2—4 February 1982: Over a three-day period, several flight crews set a series of Fédération Aéronautique Internationale (FAI) payload-to-altitude world records at Podmoskovnoe. They flew an OKB Mil Design Bureau Mi-26 heavy lift helicopter.
On 2 February, Gurgen Rubenovich Karapetian and Y. Chapaev flew to 6,400 meters (20,997 feet) with a 10,000 kilogram (22,046.2 pound) payload.¹
The Mil Mi-26 (NATO code name: Halo) first flew on 25 October 1977. It is a twin-engine heavy-lift helicopter, normally operated by a flight crew of five, and can carry up to 90 passengers.
The Mi-26 is 40.025 meters (131 feet, 3¾ inches) long, with all rotors turning, and has a height of 8.145 meters (26 feet, 8¾ inches). The eight-bladed main rotor has a diameter of 32.00 meters (105 feet) and turns clockwise, as seen from above. (The advancing blade is on the left.) A five-bladed tail rotor is mounted on a pylon, to the right side of the aircraft, in a tractor configuration. It turns clockwise, as seen from the helicopter’s left.
The helicopter has an empty weight of 28,200 kilograms (62,170 pounds), gross weight of 49,600 kilograms (109,350 pounds) and maximum weight of 56,000 kilograms (123,450 pounds). The fuel capacity is 12,000 liters (3,200 gallons).
The Mi-26 is powered by two Lotarev D-136 turboshaft engines which are rated at 8,500 kW (11,299 shaft horsepower), each. It’s cruise speed is 255 kilometers per hour (158 miles per hour) and the maximum speed is 296 kilometers per hour (183 miles per hour). Range is 620 kilometers (385 miles). The service ceiling is 4,500 meters (14,765 feet).
320 Mil Mi-26 helicopters have been built.
Gurgen Rubenovich Karapetyan (Гурген Рубенович Карапетян) was born 9 December 1936 in what is now Ekaterinberg, Sverdlovsk, Russia. He learned to fly a Polikarkpov Po-2 (NATO identifier, “Mule”) at the Sverdlovsk flying club at the age of 15.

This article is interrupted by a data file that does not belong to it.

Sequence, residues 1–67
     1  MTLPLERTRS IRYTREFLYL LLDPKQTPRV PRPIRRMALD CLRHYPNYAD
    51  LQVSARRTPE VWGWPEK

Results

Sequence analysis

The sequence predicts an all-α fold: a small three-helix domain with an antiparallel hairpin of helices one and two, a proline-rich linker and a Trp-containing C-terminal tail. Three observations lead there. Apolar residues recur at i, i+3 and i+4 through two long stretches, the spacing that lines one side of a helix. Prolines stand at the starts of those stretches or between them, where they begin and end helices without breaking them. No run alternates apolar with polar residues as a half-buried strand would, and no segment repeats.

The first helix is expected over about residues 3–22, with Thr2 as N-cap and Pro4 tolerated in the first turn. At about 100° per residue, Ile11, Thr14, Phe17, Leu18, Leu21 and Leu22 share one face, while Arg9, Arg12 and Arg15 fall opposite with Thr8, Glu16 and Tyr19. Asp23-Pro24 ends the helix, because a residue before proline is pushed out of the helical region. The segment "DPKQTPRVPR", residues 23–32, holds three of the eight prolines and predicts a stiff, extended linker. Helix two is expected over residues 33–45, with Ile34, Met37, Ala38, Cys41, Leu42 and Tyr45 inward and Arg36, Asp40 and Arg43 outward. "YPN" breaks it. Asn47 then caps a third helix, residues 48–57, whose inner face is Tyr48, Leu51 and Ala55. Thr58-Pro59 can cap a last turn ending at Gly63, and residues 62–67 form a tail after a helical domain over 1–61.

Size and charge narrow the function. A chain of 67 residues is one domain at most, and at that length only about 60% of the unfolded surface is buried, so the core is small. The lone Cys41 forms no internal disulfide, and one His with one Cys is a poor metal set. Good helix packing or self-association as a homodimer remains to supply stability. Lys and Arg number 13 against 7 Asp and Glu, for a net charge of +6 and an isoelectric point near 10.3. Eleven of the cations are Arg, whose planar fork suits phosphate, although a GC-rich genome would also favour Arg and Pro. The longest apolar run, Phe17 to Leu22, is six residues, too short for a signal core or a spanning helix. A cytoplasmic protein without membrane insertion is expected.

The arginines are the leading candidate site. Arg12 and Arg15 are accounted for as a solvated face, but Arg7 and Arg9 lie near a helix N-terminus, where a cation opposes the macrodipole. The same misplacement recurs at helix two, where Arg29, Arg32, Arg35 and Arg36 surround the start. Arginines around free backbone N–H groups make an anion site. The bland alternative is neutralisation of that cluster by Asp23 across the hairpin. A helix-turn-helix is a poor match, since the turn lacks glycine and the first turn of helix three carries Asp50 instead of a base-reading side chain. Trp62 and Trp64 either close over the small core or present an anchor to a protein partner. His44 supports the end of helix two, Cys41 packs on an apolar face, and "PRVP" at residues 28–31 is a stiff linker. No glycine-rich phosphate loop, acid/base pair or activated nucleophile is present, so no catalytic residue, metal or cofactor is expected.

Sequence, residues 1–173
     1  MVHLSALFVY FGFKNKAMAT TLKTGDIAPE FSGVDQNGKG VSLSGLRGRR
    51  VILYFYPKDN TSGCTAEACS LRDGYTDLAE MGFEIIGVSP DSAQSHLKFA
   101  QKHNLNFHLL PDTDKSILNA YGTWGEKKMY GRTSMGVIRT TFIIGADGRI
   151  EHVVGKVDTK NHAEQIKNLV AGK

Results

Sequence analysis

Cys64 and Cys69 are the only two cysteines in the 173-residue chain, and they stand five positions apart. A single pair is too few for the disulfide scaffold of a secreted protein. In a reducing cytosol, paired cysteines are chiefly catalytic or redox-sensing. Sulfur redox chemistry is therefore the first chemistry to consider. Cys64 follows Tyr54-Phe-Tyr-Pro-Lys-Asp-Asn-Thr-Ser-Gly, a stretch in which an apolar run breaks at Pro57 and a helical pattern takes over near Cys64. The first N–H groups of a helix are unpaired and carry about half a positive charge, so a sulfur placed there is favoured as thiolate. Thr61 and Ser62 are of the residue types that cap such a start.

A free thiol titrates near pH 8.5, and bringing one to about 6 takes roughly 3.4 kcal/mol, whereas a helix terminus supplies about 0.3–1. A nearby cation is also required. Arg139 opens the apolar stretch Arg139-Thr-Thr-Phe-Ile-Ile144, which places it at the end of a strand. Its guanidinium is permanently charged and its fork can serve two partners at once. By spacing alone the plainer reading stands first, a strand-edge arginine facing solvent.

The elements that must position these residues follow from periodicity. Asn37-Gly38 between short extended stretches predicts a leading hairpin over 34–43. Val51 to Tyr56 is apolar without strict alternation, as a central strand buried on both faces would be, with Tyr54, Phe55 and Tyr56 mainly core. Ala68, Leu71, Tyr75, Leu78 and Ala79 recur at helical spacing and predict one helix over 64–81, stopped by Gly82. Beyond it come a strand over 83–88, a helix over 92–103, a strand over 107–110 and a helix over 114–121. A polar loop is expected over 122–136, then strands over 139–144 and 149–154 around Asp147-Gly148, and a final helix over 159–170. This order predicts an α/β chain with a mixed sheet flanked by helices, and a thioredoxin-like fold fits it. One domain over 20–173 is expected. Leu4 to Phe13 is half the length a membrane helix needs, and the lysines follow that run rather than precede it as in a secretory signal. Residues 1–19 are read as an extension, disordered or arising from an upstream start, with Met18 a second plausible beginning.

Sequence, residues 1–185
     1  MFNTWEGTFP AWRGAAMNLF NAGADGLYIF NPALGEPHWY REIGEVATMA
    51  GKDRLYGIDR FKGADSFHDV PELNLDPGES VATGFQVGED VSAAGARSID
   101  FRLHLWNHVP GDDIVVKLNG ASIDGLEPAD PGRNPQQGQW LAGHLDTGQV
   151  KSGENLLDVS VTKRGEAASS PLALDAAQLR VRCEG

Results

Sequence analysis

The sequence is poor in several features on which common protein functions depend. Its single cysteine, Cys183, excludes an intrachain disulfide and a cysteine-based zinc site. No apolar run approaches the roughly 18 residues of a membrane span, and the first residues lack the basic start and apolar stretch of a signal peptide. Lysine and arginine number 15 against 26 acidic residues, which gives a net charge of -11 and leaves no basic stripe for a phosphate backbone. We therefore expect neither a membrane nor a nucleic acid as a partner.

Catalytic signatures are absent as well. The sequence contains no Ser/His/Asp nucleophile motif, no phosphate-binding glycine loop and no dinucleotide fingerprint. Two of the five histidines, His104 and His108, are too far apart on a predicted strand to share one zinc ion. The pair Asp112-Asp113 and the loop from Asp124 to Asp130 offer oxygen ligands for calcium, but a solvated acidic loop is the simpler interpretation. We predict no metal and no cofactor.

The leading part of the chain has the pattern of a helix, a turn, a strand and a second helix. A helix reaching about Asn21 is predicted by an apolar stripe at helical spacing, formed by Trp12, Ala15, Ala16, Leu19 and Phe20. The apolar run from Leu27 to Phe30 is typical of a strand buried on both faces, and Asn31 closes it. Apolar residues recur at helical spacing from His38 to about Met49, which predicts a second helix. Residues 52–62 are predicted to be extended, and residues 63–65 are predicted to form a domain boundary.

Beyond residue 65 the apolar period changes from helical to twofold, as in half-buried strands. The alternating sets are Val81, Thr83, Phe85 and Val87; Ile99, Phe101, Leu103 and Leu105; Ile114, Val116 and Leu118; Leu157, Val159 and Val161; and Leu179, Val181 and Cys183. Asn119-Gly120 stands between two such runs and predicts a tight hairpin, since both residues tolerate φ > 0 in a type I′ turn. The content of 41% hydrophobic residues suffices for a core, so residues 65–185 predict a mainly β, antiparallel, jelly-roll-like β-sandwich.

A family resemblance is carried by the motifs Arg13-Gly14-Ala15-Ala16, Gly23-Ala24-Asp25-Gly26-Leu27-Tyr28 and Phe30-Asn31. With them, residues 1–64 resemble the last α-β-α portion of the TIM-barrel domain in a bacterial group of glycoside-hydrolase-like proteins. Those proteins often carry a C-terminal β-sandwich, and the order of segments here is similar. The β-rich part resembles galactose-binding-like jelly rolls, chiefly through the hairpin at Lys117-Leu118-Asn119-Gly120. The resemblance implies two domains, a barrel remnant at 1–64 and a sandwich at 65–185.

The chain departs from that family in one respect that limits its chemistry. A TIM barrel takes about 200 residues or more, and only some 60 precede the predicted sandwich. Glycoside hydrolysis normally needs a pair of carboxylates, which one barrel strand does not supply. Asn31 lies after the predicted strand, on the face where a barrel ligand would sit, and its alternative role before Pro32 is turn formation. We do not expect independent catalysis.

Karapetyan served in the Soviet Air Force from 1956 to 1963. His rank was first lieutenant. An uncle advised him to attend the Moscow Aviation Institute, and he graduated in 1961. He worked as an engineer at Mil Design Bureau and then attended test pilot school. From 1962 to 1993, Karapetyan was a test pilot for the Mil Moscow Helicopter Plant, becoming the chief test pilot in 1974.
In April 1986, along with Anatoly Demyanovich Grishchenko, Gurgen Karapetyan flew a Mil Mi-26 helicopter dropping loads of sand and wet cement on the wreckage of the Chernobyl Reactor Number 4, which had been destroyed by an explosion. Carrying 15 ton loads suspended from an 800-foot (244 meters) cable, they made repeated trips while flying through the radioactive gases released from the plant. Grishchenko later died as a result of radiation exposure.
On 24 January 1993, President Mikhail Gorbachev named Karapetyan a Hero of the Soviet Union. He was twice awarded the Order of Lenin, and is an Honored Test Pilot of the Soviet Union.
Gurgen Karapetyan has set 10 world records in helicopters. He has flown more than 5,500 hours in 39 helicopter types. Now retired, he lives in Moscow.
¹ FAI Record File Number 9902
© 2018, Bryan R. Swopesby